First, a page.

I'm often asked how the center got started and about ways to get into schools to do philosophy with young people. I decided to start the center when I was about to finish my Ph.D. in 1996. I had become interested in working with pre-college students, and a non-profit center seemed to me the best way to do this. Forming a non-profit allowed me to apply for grants and to solicit and accept tax-deductible donations. The center is still an independent non-profit, though in 1999 we became affiliated with the Department of Philosophy at the University of Washington.
The summer before I finished my dissertation, I did a two-week workshop with the Institute for the Advancement of Philosophy for Children in New Jersey. It was fabulous! Inspiring and wonderful training for bringing philosophy into K-12 classrooms.
When the center began, we assumed that we would spend a lot of our time facilitating workshops for teachers. We quickly realized, however, that teachers were already overburdened with growing requirements for what they had to teach, and that especially with the increase in standardized testing, most teachers were not interested in adding another area to what they were doing. (Moreover, in the United States most teachers are relatively unfamiliar with philosophy, as it is not a required secondary school subject and most people who study it choose to do so in college.)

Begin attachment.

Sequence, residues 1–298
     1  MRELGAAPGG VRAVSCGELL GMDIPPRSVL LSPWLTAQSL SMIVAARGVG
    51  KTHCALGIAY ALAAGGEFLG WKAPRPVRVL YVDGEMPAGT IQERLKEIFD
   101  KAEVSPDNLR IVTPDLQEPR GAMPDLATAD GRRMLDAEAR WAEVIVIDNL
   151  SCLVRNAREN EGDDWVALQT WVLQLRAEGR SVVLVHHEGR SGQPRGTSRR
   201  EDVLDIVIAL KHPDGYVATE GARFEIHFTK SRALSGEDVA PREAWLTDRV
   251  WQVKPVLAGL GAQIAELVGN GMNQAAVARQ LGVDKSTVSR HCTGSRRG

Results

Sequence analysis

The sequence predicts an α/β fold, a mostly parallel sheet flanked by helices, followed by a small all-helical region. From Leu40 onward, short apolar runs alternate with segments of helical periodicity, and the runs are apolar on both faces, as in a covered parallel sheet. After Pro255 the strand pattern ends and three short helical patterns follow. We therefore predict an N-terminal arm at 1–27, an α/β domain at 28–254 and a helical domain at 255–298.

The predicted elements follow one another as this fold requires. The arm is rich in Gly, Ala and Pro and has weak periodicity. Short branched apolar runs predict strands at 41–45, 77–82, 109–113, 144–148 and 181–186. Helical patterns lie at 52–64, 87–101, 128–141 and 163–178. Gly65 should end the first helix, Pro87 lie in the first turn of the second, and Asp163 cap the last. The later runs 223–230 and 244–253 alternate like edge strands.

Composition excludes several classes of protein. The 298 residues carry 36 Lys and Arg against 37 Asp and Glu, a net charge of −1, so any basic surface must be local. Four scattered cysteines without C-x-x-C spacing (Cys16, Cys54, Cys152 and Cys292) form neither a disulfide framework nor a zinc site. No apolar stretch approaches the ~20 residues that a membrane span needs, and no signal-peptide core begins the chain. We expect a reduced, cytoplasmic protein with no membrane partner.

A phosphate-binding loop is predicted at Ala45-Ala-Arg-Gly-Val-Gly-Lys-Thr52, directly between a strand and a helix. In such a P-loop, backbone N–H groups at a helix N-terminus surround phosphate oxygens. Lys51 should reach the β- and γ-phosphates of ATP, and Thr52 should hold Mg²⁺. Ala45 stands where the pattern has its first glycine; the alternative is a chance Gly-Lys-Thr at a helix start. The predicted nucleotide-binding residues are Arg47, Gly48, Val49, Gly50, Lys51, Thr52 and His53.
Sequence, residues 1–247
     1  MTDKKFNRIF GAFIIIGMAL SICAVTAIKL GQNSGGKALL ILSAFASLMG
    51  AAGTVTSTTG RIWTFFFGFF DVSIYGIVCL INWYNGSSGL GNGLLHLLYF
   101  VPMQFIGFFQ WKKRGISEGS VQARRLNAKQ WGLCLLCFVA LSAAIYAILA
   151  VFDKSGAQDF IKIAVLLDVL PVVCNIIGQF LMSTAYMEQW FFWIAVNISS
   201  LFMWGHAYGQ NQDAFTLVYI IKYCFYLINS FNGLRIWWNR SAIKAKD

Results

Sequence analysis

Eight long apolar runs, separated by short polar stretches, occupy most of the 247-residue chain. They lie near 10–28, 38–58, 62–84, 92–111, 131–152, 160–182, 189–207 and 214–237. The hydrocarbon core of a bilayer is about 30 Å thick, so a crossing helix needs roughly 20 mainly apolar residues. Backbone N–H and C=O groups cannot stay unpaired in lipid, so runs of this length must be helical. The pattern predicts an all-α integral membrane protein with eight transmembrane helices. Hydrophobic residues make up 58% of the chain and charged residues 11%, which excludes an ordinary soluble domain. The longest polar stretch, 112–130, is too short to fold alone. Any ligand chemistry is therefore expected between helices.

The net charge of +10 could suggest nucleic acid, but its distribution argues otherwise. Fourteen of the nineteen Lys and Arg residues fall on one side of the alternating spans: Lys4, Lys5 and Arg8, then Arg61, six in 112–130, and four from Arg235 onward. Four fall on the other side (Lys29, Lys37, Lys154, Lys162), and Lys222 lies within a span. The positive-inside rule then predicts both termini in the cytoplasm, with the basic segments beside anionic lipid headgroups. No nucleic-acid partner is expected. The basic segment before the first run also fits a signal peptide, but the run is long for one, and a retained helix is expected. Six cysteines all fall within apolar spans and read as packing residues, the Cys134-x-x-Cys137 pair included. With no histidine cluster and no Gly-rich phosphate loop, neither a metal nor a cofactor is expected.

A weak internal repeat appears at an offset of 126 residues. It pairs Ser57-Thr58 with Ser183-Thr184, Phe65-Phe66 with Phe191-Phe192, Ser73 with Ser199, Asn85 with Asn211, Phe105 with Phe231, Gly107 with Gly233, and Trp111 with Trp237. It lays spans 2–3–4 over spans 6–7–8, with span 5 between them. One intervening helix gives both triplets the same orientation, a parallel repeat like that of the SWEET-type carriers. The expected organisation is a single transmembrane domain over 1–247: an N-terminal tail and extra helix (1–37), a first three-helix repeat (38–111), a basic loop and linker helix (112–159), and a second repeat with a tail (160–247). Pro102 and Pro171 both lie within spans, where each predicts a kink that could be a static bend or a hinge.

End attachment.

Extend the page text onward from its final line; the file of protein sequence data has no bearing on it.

Ultimately we decided that the better approach would be to develop what we call the “Philosophers in the Schools” program. Modeled after “Artists in the Schools” residency programs, our program places adults trained in doing philosophy with young people into K-12 classrooms around Washington State. As short as six weeks to as long as an entire school year, these weekly (and, sometimes, biweekly) sessions use literature, art, activities, and puzzles to talk with young people about the large, unsettled questions of philosophy.
There are many ways to develop this kind of program. If you are not a classroom teacher, the key is to develop a relationship with a teacher or teachers. If you don’t know any teachers, you might start by offering to volunteer in a local school, by tutoring or helping out in classrooms in other ways. This is a great way to get to know teachers and students.
Also, consider talking with teachers in whose classes you are interested in doing philosophy about their upcoming plans. Are there readings or subjects that are being taught in the classroom for which you could prepare related philosophy sessions? One of the most exciting ways to build philosophy programs in schools is to work with teachers to create interdisciplinary units.